The web page serves 18 different security questions to choose from, that are nothing but all the common security questions which the various websites ask; from mailing websites to financial ones. The list of which are given below:• In what City / Town does your nearest sibling live?• In what City / Town was your first job?• In what city did you meet your spouse/significant other?• In what city or town did your mother and father meet?• What are the last 5 digits / letters of your driver\’s license number?• What is the first name of the boy or girl that you first dated?• What is the first name of your first supervisor?• What is the name of the first school you attended?• What is the name of the school that you attended aged 14-16?• What is the name of the street that you grew up on?• What is the name of your favorite childhood friend?• What is the street number of the first house you remember living in?• What is your oldest sibling\’s birthday month and year? (e.g., January 1900)• What is your youngest sibling\’s birthday?• What month and day is your anniversary? (e.g January 2)• What was the city where you were married?• What was the first musical concert that you attended?• What was your favorite activity in school? The researchers warned the HR Recruiters with the website accounts to be on the lookout for any such irregularities.
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A new and “extremely dangerous” version of the notorious Zeus malware has been discovered with the ability to fool detection systems by hiding behind an apparently legitimatedigital signature. The virus was revealed by US vendor Comodo Antivirus Labs late last week. The company found over 200 unique hits by the malware on its customers, it said in a blog post. It downloads data-stealing malware hidden by a rootkit component, aiming to steal login credentials, credit card and other information that the user keys into a web form. UK-based security expert Richard Moulds, vice president of strategy at Thales e-Security, said if an attacker can sign their malicious code in a way that passes the validation process, “they are a huge step further in mounting an attack.” “Windows, iOS, Android and Linux all use code-signing to ensure that only legitimate, signed code is installed and executed. Code-signing provides the best mechanism for proving that code hasn’t been modified and therefore is a way of spotting malware infected software and rejecting it,” he said. The Zeus or Zbot Trojan is designed to steal online banking and other sensitive user data. In February, research from Dell SecureWorks showed Zeus and the related Citadel malware […]
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The Zeus malware is one of the most damaging pieces of financial malware that has helped the culprits to infect thousands of business computers and capture passwords, account numbers and other information necessary to log into online banking accounts.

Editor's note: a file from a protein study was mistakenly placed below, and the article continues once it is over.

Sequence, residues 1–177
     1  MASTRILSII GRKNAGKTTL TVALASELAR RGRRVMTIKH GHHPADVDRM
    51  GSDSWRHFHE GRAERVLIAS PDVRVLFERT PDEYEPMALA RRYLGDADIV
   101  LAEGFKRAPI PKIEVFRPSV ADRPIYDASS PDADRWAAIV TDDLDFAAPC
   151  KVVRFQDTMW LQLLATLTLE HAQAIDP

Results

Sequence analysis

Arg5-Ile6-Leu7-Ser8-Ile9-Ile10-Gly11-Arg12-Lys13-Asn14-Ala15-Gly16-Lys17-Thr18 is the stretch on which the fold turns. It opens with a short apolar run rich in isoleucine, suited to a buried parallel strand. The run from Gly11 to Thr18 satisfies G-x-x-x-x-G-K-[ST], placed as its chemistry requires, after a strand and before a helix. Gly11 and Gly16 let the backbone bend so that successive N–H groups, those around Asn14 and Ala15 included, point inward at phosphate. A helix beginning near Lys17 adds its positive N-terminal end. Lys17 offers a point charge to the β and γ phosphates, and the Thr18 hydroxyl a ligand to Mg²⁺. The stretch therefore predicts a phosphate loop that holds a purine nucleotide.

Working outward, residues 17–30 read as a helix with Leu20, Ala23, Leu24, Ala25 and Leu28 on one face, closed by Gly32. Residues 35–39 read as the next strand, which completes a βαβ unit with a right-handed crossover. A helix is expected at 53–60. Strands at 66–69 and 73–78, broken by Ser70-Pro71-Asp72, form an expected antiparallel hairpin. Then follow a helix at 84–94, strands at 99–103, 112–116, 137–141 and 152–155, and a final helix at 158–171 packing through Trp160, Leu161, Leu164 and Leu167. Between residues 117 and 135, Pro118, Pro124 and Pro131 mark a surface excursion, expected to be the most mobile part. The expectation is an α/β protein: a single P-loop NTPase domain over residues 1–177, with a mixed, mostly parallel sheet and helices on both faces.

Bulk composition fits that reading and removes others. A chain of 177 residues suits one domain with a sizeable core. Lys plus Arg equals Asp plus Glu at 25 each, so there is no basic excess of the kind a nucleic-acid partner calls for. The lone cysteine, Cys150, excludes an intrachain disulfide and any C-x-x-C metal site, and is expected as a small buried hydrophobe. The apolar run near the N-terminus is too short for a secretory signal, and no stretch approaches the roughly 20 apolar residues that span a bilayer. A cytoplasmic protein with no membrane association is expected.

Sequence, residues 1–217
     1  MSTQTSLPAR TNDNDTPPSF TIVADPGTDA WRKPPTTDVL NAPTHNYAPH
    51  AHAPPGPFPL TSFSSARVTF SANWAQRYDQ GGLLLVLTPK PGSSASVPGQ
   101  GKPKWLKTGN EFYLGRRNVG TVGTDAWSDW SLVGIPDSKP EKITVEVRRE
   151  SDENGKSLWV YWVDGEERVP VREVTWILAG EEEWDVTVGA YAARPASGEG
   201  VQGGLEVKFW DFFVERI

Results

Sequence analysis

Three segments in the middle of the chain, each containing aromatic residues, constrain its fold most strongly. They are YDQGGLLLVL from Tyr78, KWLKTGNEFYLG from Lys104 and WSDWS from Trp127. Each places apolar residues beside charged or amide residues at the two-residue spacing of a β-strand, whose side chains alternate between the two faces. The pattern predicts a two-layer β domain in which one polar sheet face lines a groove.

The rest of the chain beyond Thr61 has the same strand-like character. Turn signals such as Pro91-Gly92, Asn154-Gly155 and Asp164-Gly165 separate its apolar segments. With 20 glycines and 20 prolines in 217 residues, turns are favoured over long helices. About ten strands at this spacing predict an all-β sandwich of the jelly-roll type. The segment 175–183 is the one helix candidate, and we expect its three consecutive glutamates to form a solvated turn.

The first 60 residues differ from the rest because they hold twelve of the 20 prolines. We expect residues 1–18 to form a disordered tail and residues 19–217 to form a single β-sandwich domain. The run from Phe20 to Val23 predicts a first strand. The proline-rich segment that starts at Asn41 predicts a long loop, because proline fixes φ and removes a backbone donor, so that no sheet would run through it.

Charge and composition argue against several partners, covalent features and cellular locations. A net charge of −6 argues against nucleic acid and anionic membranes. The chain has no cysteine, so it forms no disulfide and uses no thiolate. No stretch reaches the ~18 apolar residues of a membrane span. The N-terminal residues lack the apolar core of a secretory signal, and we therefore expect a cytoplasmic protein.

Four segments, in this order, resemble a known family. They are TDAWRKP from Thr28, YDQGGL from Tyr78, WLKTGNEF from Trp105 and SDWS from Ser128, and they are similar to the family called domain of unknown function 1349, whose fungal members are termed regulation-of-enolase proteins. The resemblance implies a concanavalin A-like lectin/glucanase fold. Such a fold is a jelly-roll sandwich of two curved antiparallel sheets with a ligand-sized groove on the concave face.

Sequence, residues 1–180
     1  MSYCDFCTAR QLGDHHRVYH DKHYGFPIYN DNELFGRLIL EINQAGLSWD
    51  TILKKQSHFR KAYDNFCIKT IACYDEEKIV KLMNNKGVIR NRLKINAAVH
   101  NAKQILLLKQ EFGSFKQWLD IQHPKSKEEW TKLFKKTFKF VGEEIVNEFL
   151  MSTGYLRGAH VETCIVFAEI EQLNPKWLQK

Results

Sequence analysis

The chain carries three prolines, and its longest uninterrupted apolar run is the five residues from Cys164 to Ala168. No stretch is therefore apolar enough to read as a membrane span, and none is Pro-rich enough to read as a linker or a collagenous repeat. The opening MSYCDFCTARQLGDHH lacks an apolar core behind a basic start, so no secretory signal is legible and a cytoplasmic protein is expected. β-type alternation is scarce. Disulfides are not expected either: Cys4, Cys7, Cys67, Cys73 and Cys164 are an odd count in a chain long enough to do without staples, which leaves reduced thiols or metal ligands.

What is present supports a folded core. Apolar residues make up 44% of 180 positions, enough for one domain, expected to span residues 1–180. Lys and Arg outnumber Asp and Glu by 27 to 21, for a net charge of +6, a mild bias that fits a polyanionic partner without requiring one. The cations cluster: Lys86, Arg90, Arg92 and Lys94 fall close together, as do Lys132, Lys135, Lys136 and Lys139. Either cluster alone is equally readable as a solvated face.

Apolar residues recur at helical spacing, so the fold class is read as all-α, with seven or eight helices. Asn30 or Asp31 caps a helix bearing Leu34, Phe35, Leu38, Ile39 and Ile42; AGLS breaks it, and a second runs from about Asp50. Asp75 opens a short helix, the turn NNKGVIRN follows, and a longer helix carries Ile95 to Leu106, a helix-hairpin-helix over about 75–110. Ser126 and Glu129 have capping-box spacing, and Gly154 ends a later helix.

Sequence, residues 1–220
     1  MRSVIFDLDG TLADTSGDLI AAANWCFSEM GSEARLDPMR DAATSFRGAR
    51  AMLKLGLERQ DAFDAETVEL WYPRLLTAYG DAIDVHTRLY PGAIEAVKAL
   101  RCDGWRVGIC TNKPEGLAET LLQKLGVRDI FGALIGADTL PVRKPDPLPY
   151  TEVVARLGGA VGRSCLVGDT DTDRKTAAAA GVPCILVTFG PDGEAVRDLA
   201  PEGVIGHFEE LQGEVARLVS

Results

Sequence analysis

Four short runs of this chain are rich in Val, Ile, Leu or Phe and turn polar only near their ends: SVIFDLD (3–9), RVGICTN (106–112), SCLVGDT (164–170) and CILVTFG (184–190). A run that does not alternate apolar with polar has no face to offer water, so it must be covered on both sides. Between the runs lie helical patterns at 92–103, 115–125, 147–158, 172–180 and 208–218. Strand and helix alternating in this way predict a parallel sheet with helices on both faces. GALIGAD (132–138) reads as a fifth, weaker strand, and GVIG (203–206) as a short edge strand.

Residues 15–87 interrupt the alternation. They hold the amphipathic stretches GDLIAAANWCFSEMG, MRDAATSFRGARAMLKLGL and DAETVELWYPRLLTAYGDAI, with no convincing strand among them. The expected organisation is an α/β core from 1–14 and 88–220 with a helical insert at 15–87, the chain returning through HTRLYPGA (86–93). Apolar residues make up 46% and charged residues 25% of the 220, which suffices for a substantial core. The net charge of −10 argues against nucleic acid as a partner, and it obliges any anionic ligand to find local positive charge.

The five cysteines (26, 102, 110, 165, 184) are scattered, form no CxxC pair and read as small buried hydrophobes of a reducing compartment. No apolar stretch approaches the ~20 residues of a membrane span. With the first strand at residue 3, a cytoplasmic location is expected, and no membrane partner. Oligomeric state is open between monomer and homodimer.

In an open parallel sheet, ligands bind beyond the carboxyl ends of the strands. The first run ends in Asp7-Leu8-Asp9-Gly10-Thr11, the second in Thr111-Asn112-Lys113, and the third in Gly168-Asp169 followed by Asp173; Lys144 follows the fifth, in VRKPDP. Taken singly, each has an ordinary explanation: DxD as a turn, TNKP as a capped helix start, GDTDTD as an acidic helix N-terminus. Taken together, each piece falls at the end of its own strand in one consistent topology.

U.S. Department of Justice unsealed charges against nine alleged cyber criminals for distributing notorious Zeus malware to steal millions of dollars from bank accounts.
Vyachesla V Igorevich Penchukov, Ivan Viktorvich Klepikov, Alexey Dmitrievich Bron, Alexey Tikonov, Yevhen Kulibaba, Yuriy Konov Alenko, And John Does are charged to devise and execute a scheme and artifice to defraud Bank Of America, First Federal Savings Bank, First National Bank Of Omaha, Key Bank, Salisbury Bank & Trust, Union Bank And Trust, And United Bankshares Corporation, all of which were depository institutions insured by the Federal Deposit Insurance Corporation.
They are also accused to use Zeus, or Zbot, computer intrusion, malicious software, and fraud to steal or attempt to steal millions of dollars from several bank accounts in the United States, and elsewhere.
It has also been reported that defendants and their co-conspirators infected thousands of business computers with software that captured passwords, account numbers, and other information necessary to log into online banking accounts, and then used the captured information to steal millions of dollars from account-holding victims’ bank accounts.
Account holding victims include Bullitt County Fiscal Court, Doll Distributing, Franciscan Sisters Of Chicago, Husker Ag, Llc, Parago, Inc., Town Of Egremont, And United Dairy…
They have also been given notice by the United States of America, that upon conviction of any defendant, a money judgment may be imposed on that defendant equal to the total value of the property subject to forfeiture, which is at least $70,000,000.00.
The United States of America has also requested that trial of the case be held at Lincoln, Nebraska, pursuant to the rules of this Court. The Metropolitan Police Service in the U.K., the National Police of the Netherlands’ National High Tech Crime Unit and the Security Service of Ukraine are assisting the investigation.
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Nine people linked with ‘Zeus’ malware have been blamed for stealing million and infecting thousands of computers, federal officials announced on Friday as they declared the code “one of the most damaging pieces of financial malware that has ever been used.”
A blame in PDF File has been unsealed Friday charges nine people, most of them belongs to Ukraine. The authorities said that the defendants used ‘Zeus’ to steal passwords , accoutn numbers and personal identocation numbers.
According to the Justice Department , Kulibaba approximately ran ‘the conspirators’ a money laundering network in U.S which provided money mules and their banking credentials from U.S based victims accounts.
First seen in 2007 , malwares based on ‘Zeus’ infected millions of computers world wide. In 2010 a study by company RSA a network securioty company conlcuded that 500 companies showed evidence of some form a ‘Zeus’ botnet infection.
Zeus was being sold as a commerical product on $700 price and Its source code was posted in many forums in 2011 by several hackers.